I set my bucket down carefully, still never spilling a drop.

But Brock's experience was a little different. You see, Brock's bucket caught on his shirt pocket and he doused himself, from pecs to piggies, in water.

I took pictures, because evidence.










Water buckets of shame. So much well deserved shame.

"You're going to blog about this, aren't you?" he asked.

"Duh," I said.

No friends, chivalry is not dead, but neither is mockery... nor karma.


Peace, Love and Girl Power,
Johi

P.S. Speaking of karma and mockery, a little story I wrote, titled "What You Mock, You Become", which was published in a fun little humor anthology titled, I Just Want to Pee Alone, is now a New York Times Best Seller- making me and 35 of my friends a New York Times Best Selling Author! Hells yeah!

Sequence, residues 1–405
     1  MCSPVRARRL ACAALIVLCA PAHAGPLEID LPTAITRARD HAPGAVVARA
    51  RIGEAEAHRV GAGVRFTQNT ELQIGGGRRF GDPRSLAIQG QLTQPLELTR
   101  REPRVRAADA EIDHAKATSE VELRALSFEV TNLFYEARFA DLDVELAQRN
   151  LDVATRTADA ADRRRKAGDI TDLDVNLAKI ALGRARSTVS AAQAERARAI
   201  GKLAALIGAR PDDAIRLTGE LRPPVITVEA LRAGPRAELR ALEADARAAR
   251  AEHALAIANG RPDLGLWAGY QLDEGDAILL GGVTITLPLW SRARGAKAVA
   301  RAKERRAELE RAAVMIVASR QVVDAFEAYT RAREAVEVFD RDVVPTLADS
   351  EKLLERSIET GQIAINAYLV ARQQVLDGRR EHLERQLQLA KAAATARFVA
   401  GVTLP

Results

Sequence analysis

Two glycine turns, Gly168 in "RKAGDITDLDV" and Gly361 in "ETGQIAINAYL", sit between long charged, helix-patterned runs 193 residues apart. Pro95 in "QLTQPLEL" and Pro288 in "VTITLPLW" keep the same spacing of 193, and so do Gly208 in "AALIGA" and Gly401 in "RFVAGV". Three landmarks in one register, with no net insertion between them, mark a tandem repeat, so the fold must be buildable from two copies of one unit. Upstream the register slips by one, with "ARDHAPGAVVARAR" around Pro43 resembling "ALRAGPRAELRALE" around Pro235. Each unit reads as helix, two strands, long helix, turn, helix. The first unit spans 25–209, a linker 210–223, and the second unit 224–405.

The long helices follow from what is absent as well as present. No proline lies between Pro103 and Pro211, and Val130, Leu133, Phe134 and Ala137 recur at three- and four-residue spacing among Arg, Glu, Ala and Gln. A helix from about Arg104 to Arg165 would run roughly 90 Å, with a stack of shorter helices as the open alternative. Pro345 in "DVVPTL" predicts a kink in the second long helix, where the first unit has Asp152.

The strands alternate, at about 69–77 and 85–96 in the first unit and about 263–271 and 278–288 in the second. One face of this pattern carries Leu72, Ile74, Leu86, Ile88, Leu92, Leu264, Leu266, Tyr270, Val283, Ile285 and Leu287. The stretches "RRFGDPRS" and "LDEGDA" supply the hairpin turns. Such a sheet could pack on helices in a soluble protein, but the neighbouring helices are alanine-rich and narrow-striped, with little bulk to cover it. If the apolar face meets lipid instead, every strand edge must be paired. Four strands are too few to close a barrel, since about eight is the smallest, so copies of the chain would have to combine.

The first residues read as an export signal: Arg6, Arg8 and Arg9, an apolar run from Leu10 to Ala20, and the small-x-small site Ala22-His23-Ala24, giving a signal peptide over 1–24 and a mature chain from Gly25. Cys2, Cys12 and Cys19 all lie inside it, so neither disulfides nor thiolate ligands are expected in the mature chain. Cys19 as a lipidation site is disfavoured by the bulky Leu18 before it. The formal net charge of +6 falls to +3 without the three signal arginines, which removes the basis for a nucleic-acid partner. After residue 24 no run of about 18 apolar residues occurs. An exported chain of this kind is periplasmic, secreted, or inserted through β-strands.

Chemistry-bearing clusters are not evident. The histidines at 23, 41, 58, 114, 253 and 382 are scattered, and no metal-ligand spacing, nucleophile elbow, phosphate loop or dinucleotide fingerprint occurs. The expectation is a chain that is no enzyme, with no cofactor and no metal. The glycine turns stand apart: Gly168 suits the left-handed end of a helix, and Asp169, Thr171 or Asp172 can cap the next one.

6 comments:

  1. Mockery is one of the main components of a healthy marriage. I'm sure that's in the psychology books somewhere. :)

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    1. I agree. Which is why I pointed at him and laughed likw Blake Shelton does at his fellow judges on The Voice. 😉

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  2. I couldn't love this any harder if I tried.